PDA

View Full Version : May not go back to Debain after all



jpaulb
March 12th, 2013, 02:44 AM
Ubuntu GNOME Is Now An Official Ubuntu Flavor (http://www.phoronix.com/scan.php?page=news_item&px=MTMyMzg)

The Ubuntu Tech Board approved last week that Ubuntu GNOME is now an official flavor/derivative of Ubuntu Linux.

As some non-Mir news, Tim Lunn of the Ubuntu GNOME project wrote into Phoronix that the OS spin is now an official Ubuntu flavor. Ubuntu GNOME was originally released last year in conjunction with Ubuntu 12.10, but now the flavor has been approved by the Tech Board per the IRC meeting logs (http://ubottu.com/meetingology/logs/ubuntu-meeting/2013/ubuntu-meeting.2013-03-04-21.00.log.html).

iamkuriouspurpleoranj
March 12th, 2013, 08:04 AM
Very nice. The trouble with Gnome Shell (3.4) in Debian Testing is the fact that the dozen Gnome games are tied to the meta-package. So any attempt to remove Gnabbles and pals threatens to pull down the whole Gnome Shell with it. That and the fact that with my PC it defaults to fallback mode until the proprietary drivers are installed.

jpaulb
March 12th, 2013, 12:18 PM
I prefer Gnome to the Unity desktop, actually anything is preferred to that. I am using XFCE or xubuntu 99% of the time.

mr john
March 13th, 2013, 03:41 PM
I prefer Gnome to the Unity desktop, actually anything is preferred to that. I am using XFCE or xubuntu 99% of the time.

How interesting. Maybe we should base the whole Linux eco-system on your preference. We could rename it from Linux to JPaulbux. Do you think the developers would be up for that?

DVD-R
March 13th, 2013, 06:17 PM
Hi jPaulb,
When you say "Debian" do you mean the Debian distro....... like Debian squeeze?
Its on my list of distro(s) to try out.
I understand they may have a flavor still using Gnome 2?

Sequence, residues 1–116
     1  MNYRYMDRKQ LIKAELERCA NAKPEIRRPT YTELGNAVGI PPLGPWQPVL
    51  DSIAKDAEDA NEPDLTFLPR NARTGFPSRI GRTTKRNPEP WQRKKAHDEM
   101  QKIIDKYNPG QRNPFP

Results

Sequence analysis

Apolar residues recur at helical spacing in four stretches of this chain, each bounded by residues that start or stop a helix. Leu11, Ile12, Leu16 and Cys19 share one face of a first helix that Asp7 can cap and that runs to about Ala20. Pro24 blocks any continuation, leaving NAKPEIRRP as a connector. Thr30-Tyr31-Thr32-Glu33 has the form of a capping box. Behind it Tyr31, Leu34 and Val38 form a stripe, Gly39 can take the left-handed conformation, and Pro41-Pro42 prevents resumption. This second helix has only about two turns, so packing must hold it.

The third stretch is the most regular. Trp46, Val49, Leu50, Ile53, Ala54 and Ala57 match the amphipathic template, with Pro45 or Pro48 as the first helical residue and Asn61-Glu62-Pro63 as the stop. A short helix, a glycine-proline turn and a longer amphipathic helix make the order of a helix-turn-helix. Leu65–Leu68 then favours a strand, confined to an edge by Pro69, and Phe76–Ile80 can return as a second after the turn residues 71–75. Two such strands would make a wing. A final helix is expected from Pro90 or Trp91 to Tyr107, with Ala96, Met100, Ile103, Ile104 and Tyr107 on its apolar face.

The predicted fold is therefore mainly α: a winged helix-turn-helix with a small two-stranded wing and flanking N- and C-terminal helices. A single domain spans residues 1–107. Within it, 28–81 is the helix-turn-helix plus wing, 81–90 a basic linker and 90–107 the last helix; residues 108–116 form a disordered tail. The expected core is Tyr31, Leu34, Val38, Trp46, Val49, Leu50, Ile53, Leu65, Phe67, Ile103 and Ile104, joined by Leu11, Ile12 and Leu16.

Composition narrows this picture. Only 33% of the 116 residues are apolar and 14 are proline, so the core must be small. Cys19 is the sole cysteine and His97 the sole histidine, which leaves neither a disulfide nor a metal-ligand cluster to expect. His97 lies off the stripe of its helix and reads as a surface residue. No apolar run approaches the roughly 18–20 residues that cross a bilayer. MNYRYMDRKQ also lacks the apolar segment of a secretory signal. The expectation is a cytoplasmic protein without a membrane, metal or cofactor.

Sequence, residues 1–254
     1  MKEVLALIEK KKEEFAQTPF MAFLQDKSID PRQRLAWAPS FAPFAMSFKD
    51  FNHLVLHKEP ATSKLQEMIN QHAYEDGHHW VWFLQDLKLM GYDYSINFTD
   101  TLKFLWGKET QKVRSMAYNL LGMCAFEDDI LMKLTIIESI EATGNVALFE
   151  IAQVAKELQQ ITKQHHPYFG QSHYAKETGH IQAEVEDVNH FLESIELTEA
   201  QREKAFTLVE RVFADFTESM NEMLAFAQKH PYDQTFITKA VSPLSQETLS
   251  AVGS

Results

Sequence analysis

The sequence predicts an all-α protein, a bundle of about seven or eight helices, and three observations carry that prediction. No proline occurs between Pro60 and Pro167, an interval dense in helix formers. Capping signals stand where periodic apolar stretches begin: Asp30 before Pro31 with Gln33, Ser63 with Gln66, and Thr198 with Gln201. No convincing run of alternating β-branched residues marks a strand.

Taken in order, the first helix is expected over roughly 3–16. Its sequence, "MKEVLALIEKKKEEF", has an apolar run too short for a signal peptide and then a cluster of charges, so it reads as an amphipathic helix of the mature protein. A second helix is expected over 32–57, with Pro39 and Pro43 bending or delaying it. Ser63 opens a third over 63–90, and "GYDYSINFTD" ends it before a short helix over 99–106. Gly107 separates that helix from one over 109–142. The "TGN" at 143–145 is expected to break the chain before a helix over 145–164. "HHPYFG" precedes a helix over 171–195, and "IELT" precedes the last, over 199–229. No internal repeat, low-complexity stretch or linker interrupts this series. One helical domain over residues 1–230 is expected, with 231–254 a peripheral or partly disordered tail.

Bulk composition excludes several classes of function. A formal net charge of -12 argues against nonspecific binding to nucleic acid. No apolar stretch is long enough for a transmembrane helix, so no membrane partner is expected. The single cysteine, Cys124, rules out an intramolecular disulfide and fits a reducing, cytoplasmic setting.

But don't know much about how they compare to the Ubuntu fork.

Interested in any info you are inclined to share :-]

jpaulb
March 14th, 2013, 01:17 AM
How interesting. Maybe we should base the whole Linux eco-system on your preference. We could rename it from Linux to JPaulbux. Do you think the developers would be up for that?

JPaulbux is too long maybe bux or pux.

mJayk
March 14th, 2013, 01:26 AM
How interesting. Maybe we should base the whole Linux eco-system on your preference. We could rename it from Linux to JPaulbux. Do you think the developers would be up for that?


Oh what a **** you sound :)

cariboo
March 14th, 2013, 03:08 AM
Removed double post.

jpaulb
March 25th, 2013, 03:40 AM
Hi jPaulb,
When you say "Debian" do you mean the Debian distro....... like Debian squeeze?
Its on my list of distro(s) to try out.
I understand they may have a flavor still using Gnome 2?
But don't know much about how they compare to the Ubuntu fork.

Interested in any info you are inclined to share :-]

I am slow to get back to you. Ubuntu is based on Debian, which is more conservative, a bit more difficult to install. It require thinking. Their stable release is a production release, which is available when it is available, it could be 6 months or 18 months. the Debian site can explain it better than I can. I do not know where Ubuntu is going, some of the decisions make me think of the Microsoft of Linux, others are far reaching. I would like to see a collaboration between all the Linux distros that could produce an OS that would kick MS ass. It is counter productive for X and rising number of flavours Linux competing for a niche market